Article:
This week the Bristol Pound held their first open skill-share day to encourage people to share their skills and keep local economy strong in Brixton. Here Hannah Lewis describes the philosophy behind TT Brixton’s new Remakery centre, where “upskilling” can be learned and old stuff remade into the useful and the beautiful.
The Remakery is a new kind of shared workspace – set to open in September 2012 – designed to support and develop re-use and upcycling enterprises.
It all began with the optimistic vision of the Remade in Brixton group I co-founded in 2009 – foreseeing a post-oil future for this busy, diverse urban community as a place “where there is no such thing as waste.” The vision demanded a home – a physical space to expand the range of materials that could be re-used, repaired or creatively recycled. A simple two-page proposal for a “re-use centre” attracted a local councillor’s attention, and in early 2010 we were offered a potential site: a block of 40 disused garages.
During 2010 we gathered a steering group of existing and emerging local re-use businesses, working with bikes, computers, wood, textiles, furniture, pianos, and more. Shortlisted for Lambeth’s public voting project “Your Choice”, we received over 3000 votes, and were awarded £100,000 of capital funding to refurbish the garages.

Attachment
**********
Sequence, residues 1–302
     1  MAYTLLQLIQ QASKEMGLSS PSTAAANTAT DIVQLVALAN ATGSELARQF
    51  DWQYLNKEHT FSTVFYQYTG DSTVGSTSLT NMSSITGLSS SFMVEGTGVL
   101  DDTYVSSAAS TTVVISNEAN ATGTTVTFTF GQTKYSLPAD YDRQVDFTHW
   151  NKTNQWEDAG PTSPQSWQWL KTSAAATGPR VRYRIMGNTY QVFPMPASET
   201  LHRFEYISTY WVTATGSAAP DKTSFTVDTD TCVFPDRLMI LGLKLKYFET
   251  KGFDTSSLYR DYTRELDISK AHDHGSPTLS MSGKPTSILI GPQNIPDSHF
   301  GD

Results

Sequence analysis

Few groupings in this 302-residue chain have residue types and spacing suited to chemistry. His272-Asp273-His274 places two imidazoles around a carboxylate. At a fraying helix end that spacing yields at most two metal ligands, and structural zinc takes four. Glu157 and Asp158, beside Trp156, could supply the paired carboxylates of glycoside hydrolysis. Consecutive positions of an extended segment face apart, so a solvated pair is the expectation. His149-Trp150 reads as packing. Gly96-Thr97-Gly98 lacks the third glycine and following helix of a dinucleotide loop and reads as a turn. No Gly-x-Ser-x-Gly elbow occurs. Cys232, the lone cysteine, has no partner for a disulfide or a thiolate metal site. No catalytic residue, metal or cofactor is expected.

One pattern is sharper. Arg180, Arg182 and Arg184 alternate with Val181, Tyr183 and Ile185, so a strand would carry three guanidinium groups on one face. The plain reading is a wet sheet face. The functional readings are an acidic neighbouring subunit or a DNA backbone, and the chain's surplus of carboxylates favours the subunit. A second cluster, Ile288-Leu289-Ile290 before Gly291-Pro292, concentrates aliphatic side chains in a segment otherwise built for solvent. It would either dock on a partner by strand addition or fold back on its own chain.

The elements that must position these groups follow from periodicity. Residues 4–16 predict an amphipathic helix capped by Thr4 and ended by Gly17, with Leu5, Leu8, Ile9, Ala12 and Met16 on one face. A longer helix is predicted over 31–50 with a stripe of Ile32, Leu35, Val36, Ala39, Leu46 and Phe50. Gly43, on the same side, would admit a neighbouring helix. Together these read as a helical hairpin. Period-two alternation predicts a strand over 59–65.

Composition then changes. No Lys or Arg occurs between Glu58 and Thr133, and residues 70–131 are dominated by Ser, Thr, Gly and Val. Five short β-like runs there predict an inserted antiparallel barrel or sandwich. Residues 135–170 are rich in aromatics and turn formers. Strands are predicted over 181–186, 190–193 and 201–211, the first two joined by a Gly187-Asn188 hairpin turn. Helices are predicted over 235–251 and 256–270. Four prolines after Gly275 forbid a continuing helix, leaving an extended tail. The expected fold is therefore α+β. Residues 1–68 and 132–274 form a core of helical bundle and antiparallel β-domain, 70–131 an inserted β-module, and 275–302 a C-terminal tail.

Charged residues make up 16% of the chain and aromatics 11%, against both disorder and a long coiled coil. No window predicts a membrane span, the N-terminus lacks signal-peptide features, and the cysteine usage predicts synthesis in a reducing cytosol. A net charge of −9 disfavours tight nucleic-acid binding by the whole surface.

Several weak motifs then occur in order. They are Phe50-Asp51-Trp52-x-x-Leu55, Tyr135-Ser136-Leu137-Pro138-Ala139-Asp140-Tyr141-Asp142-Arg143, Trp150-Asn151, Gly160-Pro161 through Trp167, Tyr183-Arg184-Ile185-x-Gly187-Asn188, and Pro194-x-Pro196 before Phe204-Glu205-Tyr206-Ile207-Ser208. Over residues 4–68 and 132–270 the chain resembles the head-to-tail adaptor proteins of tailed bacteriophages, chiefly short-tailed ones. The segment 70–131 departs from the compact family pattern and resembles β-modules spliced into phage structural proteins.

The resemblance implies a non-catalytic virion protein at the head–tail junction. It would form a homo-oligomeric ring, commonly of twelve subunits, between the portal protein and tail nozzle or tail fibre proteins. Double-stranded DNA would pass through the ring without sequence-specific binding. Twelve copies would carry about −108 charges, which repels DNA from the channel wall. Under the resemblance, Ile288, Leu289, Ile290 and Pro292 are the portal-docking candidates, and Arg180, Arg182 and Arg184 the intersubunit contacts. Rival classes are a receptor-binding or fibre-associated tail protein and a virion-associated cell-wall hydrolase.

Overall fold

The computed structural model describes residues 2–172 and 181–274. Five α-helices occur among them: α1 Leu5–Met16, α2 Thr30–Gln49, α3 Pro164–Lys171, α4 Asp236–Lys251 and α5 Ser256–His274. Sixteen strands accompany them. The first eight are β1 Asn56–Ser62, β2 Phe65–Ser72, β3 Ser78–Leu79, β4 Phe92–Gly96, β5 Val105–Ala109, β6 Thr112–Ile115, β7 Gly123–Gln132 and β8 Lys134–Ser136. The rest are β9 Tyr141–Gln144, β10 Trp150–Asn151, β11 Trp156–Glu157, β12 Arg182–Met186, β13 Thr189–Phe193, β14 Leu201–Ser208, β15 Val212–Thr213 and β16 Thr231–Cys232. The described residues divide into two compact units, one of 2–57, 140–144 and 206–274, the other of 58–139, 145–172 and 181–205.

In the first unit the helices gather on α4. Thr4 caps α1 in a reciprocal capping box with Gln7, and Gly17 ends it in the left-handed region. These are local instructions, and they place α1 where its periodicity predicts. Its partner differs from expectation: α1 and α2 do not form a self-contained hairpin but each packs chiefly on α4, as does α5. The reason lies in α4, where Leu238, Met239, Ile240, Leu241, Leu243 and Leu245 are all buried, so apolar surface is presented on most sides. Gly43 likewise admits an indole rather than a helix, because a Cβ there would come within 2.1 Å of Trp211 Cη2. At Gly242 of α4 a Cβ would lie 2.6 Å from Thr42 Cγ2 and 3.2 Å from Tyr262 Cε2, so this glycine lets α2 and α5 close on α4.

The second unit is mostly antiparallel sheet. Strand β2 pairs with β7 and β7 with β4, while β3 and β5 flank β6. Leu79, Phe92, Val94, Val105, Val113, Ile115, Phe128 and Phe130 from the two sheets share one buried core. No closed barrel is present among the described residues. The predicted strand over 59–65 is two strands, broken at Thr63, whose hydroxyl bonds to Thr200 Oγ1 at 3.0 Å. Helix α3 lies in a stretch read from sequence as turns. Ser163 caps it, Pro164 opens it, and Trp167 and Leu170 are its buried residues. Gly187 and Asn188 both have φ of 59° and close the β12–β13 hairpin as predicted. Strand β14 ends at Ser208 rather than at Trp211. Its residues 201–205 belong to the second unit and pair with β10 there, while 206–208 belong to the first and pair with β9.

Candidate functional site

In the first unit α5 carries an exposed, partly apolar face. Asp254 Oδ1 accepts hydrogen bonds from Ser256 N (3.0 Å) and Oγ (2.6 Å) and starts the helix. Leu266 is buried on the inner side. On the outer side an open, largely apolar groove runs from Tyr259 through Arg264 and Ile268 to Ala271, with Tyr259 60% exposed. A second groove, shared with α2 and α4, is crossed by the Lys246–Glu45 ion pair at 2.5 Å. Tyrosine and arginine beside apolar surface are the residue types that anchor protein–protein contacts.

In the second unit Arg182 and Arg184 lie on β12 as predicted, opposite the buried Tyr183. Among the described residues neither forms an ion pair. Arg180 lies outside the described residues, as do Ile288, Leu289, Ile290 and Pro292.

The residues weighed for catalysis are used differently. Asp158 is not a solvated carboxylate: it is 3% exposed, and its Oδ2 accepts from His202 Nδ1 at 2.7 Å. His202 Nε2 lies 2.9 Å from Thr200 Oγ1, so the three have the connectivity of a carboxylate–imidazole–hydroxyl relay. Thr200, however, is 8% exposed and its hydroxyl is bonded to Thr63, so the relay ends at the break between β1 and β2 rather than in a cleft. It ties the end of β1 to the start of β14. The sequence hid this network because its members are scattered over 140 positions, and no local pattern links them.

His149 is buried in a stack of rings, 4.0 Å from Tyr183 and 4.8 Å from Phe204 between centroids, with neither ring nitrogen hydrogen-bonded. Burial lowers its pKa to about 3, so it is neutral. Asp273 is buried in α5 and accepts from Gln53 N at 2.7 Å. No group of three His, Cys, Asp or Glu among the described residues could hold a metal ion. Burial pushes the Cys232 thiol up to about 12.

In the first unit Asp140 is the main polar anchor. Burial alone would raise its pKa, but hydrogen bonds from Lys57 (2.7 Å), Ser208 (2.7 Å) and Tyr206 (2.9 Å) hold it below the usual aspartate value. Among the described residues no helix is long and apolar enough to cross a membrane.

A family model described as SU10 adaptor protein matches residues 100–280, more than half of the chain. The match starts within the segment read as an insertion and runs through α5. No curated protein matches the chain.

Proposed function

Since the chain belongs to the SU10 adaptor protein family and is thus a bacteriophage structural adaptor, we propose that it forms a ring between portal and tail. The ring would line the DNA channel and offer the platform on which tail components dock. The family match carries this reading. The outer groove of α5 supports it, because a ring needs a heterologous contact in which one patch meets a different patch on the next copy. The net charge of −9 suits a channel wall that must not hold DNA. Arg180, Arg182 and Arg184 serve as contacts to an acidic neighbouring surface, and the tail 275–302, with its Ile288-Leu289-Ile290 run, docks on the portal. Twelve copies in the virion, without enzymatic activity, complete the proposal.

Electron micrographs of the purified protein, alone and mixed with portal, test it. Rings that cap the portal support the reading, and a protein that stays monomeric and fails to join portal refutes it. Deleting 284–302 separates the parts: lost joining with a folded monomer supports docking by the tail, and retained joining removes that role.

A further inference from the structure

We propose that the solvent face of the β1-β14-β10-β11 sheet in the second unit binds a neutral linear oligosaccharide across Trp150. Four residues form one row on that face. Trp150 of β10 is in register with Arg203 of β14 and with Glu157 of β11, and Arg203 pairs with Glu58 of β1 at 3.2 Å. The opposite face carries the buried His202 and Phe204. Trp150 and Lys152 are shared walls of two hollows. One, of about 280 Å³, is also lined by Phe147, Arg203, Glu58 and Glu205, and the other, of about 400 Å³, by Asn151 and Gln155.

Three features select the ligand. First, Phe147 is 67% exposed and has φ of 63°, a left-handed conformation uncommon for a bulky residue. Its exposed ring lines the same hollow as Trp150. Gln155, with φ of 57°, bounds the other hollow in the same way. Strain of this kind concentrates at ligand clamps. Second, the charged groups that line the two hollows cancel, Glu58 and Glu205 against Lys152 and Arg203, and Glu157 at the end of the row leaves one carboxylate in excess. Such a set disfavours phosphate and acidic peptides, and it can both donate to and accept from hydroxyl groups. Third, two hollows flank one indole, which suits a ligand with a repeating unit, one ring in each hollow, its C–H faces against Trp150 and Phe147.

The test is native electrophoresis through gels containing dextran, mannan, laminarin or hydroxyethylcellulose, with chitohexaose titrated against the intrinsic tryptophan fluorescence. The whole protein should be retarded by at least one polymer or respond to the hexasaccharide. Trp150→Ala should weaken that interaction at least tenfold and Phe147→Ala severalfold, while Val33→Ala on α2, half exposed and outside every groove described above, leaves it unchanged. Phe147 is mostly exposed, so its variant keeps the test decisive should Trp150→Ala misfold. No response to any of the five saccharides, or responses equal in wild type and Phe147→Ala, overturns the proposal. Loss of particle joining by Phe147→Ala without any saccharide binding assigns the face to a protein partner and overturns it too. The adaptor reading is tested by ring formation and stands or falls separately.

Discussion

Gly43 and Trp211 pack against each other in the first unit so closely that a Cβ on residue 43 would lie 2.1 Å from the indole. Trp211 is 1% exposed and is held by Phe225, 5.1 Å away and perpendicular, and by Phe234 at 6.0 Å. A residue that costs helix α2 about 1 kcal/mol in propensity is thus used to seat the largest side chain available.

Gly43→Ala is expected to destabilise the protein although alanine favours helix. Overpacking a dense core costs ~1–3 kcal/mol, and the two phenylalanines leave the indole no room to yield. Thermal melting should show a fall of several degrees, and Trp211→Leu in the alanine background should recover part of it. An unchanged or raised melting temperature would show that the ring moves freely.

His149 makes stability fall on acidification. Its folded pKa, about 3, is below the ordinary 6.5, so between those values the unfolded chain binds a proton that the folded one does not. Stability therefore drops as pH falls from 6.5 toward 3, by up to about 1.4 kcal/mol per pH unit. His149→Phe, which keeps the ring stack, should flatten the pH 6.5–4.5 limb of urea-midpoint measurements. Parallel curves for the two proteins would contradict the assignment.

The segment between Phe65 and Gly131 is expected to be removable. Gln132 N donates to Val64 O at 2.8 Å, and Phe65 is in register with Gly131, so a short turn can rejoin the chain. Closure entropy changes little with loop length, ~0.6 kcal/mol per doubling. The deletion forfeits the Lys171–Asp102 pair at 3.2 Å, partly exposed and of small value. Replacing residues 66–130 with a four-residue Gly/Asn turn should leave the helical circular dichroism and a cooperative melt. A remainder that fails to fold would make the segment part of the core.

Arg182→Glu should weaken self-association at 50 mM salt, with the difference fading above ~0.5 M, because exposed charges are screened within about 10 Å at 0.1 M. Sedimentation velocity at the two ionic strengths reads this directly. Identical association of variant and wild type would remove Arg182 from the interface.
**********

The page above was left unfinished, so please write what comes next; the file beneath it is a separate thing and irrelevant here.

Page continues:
The design process, in partnership with Architecture for Humanity, has involved painstaking consultation, and confronting knotty practical issues of making the garages fit for purpose. Now we are awaiting planning permission, and preparing the site for construction work. Meanwhile our business plan is on its third iteration, as we get to grips with how this hybrid of co-working space, business incubator, and training provider will sustain itself financially.
Throughout a journey that’s been both exhilarating and exhausting, my determination has been sustained by the enthusiasm the Remakery attracts from people of all backgrounds and ages. People want to see things they no longer need go to a better use. And as the trend for crafts shows, there’s a hunger for up-skilling too. By bringing together wasted resources and neglected skills of repair and re-making, the Remakery demonstrates the permaculture principle that “The problem is the solution”.
Hannah is a member of Transition Town Brixton and project manager of the Remakery, a shared workspace for re-use, repair and upcycling enterprises, opening later this year. Previously she was a co-founder of the Brixton Pound local currency and spent 6 years curating exhibitions and events on design for sustainability.